First Mariner Bancorp posted a $7.9 million loss in the third quarter as the Baltimore company continued to write down the value of distressed properties.

The hemorrhaging comes as the parent of 1st Mariner Bank is seeking to raise capital and ensure its survival.

The most recent quarterly loss widened from a net loss of $4.7 million from a year ago. The company said earnings from the June-to-September period in 2010 were helped by a $4.5 million tax benefit. There was no such tax benefit this year.

First Mariner Chairman Edwin F. Hale Sr. said in a statement that the company continues to "face strong headwinds in the real estate market."

"Our costs associated with foreclosed properties remain high as declining appraised values have forced us to take write downs on these assets," Hale said.

Costs related to loan losses and foreclosed properties — reflecting the fallen values — amounted to $8.2 million in the quarter.

Meanwhile, First Mariner's average earning assets fell 13 percent from a year ago to $897.3 million.

Amid the continuing financial setback, First Mariner is up against a Nov. 30 deadline to raise nearly $124 million to close a deal that would give the company a much-needed boost to meet capital levels federal regulators have demanded.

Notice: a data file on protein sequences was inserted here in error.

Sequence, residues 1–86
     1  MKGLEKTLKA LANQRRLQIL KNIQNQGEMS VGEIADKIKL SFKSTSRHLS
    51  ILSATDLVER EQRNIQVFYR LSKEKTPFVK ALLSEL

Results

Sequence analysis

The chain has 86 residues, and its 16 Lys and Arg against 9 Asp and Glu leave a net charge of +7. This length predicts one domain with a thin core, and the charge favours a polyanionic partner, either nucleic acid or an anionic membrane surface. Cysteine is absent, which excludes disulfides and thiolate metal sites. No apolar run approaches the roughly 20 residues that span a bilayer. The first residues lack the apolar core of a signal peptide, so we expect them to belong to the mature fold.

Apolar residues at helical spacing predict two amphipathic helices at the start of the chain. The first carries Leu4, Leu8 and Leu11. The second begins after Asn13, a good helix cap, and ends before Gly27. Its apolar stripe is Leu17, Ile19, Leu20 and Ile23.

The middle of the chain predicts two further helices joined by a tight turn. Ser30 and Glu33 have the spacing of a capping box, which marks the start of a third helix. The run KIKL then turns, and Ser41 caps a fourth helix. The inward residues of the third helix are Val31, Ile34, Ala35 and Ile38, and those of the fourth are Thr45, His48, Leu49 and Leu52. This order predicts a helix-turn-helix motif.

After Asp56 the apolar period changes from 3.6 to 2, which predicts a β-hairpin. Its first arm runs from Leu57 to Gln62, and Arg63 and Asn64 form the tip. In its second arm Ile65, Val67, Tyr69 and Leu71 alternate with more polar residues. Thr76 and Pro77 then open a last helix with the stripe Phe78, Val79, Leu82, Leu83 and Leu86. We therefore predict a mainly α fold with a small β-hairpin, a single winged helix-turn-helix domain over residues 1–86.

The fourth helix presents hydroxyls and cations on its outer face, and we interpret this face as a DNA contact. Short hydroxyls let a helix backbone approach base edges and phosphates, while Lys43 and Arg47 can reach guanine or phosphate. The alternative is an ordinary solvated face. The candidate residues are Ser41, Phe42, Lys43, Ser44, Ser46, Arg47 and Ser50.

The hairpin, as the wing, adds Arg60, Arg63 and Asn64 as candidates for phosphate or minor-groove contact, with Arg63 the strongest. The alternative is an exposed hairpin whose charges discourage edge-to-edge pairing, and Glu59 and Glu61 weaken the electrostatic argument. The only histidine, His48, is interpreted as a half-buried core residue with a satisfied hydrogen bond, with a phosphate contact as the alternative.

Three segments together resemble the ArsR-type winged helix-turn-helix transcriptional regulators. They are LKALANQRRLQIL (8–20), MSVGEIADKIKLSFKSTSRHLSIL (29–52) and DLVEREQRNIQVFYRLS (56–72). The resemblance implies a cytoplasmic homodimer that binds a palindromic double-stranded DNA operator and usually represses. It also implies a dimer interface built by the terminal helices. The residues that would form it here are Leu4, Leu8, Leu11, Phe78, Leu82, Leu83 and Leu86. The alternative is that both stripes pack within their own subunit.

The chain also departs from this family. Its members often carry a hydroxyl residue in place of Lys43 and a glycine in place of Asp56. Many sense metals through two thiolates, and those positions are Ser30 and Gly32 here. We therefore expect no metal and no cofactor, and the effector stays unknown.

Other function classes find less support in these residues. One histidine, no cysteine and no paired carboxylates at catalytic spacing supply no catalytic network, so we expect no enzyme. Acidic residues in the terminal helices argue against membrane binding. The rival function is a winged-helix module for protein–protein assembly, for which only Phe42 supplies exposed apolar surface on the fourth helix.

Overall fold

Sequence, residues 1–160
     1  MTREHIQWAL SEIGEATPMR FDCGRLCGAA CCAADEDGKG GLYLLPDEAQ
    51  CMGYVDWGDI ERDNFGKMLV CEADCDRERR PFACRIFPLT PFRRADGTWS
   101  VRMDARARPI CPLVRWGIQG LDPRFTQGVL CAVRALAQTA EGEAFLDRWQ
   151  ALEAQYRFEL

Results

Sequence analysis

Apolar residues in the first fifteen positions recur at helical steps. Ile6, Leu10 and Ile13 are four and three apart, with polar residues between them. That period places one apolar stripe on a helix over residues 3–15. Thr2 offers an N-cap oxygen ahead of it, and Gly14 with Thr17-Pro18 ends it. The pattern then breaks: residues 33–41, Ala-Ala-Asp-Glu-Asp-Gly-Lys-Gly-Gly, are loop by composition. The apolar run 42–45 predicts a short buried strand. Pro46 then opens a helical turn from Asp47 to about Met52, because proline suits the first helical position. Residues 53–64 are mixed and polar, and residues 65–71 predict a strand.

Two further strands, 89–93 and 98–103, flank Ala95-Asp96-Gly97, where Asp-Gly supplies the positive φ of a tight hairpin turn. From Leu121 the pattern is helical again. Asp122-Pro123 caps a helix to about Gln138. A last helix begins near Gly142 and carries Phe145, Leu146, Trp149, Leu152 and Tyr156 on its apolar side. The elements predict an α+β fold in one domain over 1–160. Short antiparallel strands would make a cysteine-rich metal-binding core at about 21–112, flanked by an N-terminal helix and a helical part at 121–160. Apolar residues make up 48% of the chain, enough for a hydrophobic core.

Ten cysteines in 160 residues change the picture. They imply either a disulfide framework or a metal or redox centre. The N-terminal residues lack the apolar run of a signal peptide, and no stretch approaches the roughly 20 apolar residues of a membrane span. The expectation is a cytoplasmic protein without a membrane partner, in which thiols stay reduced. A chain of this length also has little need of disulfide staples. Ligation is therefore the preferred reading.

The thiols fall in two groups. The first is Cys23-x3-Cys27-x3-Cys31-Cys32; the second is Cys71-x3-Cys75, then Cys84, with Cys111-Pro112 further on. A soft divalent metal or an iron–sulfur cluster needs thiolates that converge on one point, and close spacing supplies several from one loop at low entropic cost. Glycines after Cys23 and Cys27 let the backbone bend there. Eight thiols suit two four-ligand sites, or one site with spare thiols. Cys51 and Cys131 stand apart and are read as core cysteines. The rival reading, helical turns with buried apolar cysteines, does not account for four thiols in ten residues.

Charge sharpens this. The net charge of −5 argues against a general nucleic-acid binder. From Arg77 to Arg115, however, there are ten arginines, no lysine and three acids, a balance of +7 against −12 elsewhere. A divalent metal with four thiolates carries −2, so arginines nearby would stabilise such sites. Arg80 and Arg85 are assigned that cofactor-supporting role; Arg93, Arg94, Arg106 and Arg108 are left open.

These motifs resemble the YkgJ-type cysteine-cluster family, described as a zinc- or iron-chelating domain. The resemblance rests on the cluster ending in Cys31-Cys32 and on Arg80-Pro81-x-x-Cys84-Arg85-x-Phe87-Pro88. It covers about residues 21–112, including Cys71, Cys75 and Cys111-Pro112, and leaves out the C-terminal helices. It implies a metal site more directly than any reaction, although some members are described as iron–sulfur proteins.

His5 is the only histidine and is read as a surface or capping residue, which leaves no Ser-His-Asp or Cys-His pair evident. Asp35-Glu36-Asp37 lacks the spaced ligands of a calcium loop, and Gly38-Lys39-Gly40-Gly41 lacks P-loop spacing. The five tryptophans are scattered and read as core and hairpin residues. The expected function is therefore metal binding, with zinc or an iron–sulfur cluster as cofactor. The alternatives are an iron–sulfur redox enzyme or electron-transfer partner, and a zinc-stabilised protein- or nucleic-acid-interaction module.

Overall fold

In exchange for raising that money, New York-based Priam would also provide a $36.4 million cash infusion. But the investment firm could walk away from the deal if First Mariner does not meet the new deadline, which had been extended from Sept. 1.

Separately, the company announced that the bank's president, Daniel McKew, who joined the company a year ago, has resigned to pursue "another professional opportunity."

Mark Keidel, president of First Mariner and the bank's chief operating officer, who was hired in 2000, will succeed McKew, who was hired from SunTrust Equipment Finance and Leasing Corp. in Towson to expand 1st Mariner's commercial lending business.

hanah.cho@baltsun.com

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